With the NFL Draft and free agency having come and gone, we’ll break down all sorts of fantasy-relevant questions entering the 2018 season. Up next is a look at arguably the best wide receiver in NFL history through the first four seasons of their career.
The Start of Odell Beckham Jr.’s Career Has Been Legendary
OBJ’s per-game averages through four seasons place him above even the greatest receivers to grace the league since the 1970 AFL-NFL merger:
- Receptions per game: 6.7 (first)
- Yards per game: 94.1 (first)
- Touchdowns per game: 0.81 (third)
- Targets per game: 10.6 (first)
OBJ ranked fifth among wide receivers through in DraftKings points per game through Week 5 in 2017 (18.5) before suffering a season-ending broken ankle, and the absence of his generational talent exposed the limitations of the Giants offense when forced to rely on Eli Manning.
Eli Manning per-game averages with and without OBJ since 2014:
With (47 games): 22.7 PPG, 18.6 DK PPG, 271.9 yards, 7.05 Y/A, 1.9/0.9 TD/INT
Without (16 games): 16.9 PPG, 13.6 DK PPG, 222.4 yards, 6.2 Y/A, 1.3/1.1 TD/INT pic.twitter.com/vUiK5ebk0w
— Ian Hartitz (@Ihartitz) May 14, 2018
The Giants’ current streak of 33 games without scoring at least 30 points is only “bested” by the Browns. The Giants have totaled 12 rushing touchdowns over the past two seasons; every other team has at least 16. The likes of wide receiver Sterling Shepard and tight end Evan Engram have flashed during their short careers, but OBJ’s accomplishments have come largely as the focal point of below-average offenses.
The 2018 Giants Will Be More Competent than the Ben McAdoo-Induced Train Wreck
As of this writing, BetOnline has the Giants win total at 7.5 (with a -190 lean on the under). New head coach Pat Shurmur has coordinated top-13 scoring offenses in four of his past five seasons, first with the Eagles (2013-2015) and then Vikings (2017). Manning is back for another season and still has Shepard and Engram, but loses free-agent bust Brandon Marshall (Dez, sup?) and gains one of the best running back prospects of the past decade, Saquon Barkley, who should immediately boost the run game’s effectiveness. Barkley is a good receiver as well, and despite the potential for a more pronounced rushing attack, it’s tough to see the Giants straying too far away from their bread-and-butter.
The Case for OBJ as the WR1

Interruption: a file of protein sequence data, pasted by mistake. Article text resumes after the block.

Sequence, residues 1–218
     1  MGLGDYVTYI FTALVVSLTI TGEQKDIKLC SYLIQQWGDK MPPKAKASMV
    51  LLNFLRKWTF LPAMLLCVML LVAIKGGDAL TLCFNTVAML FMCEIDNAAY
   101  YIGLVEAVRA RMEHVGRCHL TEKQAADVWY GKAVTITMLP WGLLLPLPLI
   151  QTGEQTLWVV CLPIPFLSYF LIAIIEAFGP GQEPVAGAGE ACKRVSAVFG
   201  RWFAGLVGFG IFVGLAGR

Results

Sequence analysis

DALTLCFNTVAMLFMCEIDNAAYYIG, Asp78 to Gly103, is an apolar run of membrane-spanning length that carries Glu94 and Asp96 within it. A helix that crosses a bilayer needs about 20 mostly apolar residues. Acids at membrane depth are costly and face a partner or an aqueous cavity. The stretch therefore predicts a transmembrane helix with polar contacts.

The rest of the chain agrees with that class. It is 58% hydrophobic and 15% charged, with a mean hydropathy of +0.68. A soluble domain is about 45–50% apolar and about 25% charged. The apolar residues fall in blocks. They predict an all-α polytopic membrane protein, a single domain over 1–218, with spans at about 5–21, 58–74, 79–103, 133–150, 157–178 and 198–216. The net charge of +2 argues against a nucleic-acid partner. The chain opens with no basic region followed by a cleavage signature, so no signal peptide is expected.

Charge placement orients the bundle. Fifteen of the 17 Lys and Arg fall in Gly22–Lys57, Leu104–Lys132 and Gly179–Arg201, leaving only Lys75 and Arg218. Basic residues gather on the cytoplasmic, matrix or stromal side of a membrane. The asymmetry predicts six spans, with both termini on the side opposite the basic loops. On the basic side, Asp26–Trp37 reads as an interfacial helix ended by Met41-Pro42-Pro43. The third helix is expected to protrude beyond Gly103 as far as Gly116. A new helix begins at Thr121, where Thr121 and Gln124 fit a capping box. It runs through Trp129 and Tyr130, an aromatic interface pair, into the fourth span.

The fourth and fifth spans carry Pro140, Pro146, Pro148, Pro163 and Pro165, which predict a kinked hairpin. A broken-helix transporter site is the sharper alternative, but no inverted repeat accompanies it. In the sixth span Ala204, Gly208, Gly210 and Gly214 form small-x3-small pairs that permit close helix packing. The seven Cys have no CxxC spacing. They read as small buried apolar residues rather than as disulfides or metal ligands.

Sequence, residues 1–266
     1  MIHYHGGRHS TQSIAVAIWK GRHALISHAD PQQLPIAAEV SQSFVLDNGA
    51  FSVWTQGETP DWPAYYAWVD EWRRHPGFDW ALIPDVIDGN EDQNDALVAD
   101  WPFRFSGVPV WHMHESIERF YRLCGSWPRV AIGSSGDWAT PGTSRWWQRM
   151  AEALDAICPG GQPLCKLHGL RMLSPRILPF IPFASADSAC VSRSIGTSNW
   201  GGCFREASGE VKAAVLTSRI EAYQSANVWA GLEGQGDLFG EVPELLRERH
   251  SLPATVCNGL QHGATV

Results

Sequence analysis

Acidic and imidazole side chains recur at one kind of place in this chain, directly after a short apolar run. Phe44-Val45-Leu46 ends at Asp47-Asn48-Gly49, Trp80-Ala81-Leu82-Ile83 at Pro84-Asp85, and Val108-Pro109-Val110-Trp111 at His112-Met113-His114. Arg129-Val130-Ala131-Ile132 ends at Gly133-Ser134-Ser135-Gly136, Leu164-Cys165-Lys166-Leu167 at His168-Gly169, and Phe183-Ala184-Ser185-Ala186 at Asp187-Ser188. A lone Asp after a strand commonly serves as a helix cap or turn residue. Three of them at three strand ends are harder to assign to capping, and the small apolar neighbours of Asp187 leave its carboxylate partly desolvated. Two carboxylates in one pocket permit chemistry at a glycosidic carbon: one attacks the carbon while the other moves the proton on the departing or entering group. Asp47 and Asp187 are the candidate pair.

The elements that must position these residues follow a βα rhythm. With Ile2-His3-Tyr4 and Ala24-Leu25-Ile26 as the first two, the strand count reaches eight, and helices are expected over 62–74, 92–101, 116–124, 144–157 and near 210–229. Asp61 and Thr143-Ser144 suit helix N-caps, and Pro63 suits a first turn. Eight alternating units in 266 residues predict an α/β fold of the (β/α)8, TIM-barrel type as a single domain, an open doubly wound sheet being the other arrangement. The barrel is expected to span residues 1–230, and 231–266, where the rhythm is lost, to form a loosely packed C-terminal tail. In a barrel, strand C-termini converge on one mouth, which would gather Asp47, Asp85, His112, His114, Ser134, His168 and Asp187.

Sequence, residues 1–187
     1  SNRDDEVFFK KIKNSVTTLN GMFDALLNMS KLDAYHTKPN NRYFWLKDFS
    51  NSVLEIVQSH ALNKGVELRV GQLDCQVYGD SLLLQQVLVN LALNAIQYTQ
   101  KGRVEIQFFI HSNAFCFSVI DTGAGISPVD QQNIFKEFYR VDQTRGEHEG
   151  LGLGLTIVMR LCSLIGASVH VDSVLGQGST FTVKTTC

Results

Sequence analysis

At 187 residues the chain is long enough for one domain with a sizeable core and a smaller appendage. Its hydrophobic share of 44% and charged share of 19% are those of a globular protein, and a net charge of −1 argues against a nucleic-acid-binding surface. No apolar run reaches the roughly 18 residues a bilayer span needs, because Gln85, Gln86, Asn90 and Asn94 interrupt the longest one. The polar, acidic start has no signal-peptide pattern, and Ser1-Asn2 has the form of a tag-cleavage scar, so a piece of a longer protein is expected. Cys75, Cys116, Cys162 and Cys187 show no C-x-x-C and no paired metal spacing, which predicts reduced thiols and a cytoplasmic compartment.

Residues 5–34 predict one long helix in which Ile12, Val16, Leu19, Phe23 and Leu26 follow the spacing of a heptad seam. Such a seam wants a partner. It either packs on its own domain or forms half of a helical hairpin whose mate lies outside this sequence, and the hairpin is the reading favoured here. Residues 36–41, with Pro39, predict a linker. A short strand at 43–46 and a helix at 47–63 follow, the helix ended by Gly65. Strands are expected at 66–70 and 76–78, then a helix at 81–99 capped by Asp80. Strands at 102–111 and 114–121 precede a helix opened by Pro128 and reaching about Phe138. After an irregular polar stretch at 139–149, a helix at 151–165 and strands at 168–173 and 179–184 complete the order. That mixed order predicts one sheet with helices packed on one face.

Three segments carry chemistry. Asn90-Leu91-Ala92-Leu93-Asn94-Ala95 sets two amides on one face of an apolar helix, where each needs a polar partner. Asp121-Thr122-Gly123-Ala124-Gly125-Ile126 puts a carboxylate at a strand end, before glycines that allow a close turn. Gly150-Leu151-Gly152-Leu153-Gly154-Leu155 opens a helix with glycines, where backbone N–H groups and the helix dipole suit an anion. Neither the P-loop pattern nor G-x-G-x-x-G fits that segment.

OBJ joins Antonio Brown, Julio Jones, DeAndre Hopkins, and Demaryius Thomas as the only receivers since 2014 to average 10 or more targets per game, and OBJ is one of just three receivers ever to average over 0.8 touchdowns per game through the first four seasons of their career. When drafters looking for a wide receiver pass on OBJ early, it’s usually in favor either Brown, Hopkins, or Jones, but you can make a case for OBJ against each of them:
- OBJ vs. Antonio Brown: Per our NFL Trends tool, Brown has averaged more DraftKings points per game with a higher Plus/Minus than OBJ since 2014, but they’ve posted equal Consistency Ratings and both have 22 receptions of 40-plus yards despite Brown playing 14 more games. OBJ arguably offers a higher ceiling than Brown in 2018 due to an improved overall offense and less competition for targets.
- OBJ vs. Julio Jones: Jones has led the league in yards per route run for three consecutive seasons, but OBJ never ranked lower than fifth in any of his full seasons. However, the two haven’t been nearly as equal in the touchdown-scoring department; while Jones has caught 10 or more touchdowns in just one of his seven seasons, OBJ has done so in each of his first three seasons and was on pace to do so again last season.
- OBJ vs. DeAndre Hopkins: Hopkins boasts a higher average draft position than OBJ as of this writing after posting 96 receptions, 1,379 yards, and 13 touchdowns in 2017, and while Hopkins has proven capable of producing with most (but not all) of his quarterbacks, he still remains one injury under center away from entering a dire offensive situation. OBJ’s career production has been less correlated with his offense’s overall ability than Hopkins.
The consensus at the moment seems to be that OBJ is the No. 3 wide receiver in fantasy behind Brown and Hopkins, which makes some sense given the higher-upside offenses in Pittsburgh and Houston, respectively, but betting against the league’s most talented receiver since Randy Moss has mostly been a losing proposition over the last four years.
OBJ deserves to be in the discussion for first receiver off the board in 2018.
Pictured above: Odell Beckham Jr.
Photo credit: Jonathan Dyer – USA TODAY Sports